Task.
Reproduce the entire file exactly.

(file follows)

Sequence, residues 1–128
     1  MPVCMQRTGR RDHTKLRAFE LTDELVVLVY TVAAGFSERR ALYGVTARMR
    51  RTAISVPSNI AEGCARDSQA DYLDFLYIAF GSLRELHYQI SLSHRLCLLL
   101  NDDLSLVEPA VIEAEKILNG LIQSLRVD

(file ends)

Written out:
Sequence, residues 1–128
     1  MPVCMQRTGR RDHTKLRAFE LTDELVVLVY TVAAGFSERR ALYGVTARMR
    51  RTAISVPSNI AEGCARDSQA DYLDFLYIAF GSLRELHYQI SLSHRLCLLL
   101  NDDLSLVEPA VIEAEKILNG LIQSLRVD